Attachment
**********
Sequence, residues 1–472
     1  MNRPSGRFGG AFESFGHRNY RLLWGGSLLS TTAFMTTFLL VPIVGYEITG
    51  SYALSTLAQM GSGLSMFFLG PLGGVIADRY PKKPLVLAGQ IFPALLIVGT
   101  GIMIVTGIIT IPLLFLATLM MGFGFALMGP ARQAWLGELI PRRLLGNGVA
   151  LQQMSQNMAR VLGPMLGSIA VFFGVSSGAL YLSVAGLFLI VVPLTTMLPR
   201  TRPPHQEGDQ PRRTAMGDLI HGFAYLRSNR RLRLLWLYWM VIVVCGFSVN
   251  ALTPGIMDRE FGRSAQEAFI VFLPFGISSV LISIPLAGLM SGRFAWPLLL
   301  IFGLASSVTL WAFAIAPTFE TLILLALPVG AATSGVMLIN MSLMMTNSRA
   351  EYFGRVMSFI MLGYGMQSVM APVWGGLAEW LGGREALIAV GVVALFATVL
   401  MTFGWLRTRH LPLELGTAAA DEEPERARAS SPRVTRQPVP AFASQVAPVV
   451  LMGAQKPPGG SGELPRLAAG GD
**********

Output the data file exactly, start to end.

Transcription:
Sequence, residues 1–472
     1  MNRPSGRFGG AFESFGHRNY RLLWGGSLLS TTAFMTTFLL VPIVGYEITG
    51  SYALSTLAQM GSGLSMFFLG PLGGVIADRY PKKPLVLAGQ IFPALLIVGT
   101  GIMIVTGIIT IPLLFLATLM MGFGFALMGP ARQAWLGELI PRRLLGNGVA
   151  LQQMSQNMAR VLGPMLGSIA VFFGVSSGAL YLSVAGLFLI VVPLTTMLPR
   201  TRPPHQEGDQ PRRTAMGDLI HGFAYLRSNR RLRLLWLYWM VIVVCGFSVN
   251  ALTPGIMDRE FGRSAQEAFI VFLPFGISSV LISIPLAGLM SGRFAWPLLL
   301  IFGLASSVTL WAFAIAPTFE TLILLALPVG AATSGVMLIN MSLMMTNSRA
   351  EYFGRVMSFI MLGYGMQSVM APVWGGLAEW LGGREALIAV GVVALFATVL
   401  MTFGWLRTRH LPLELGTAAA DEEPERARAS SPRVTRQPVP AFASQVAPVV
   451  LMGAQKPPGG SGELPRLAAG GD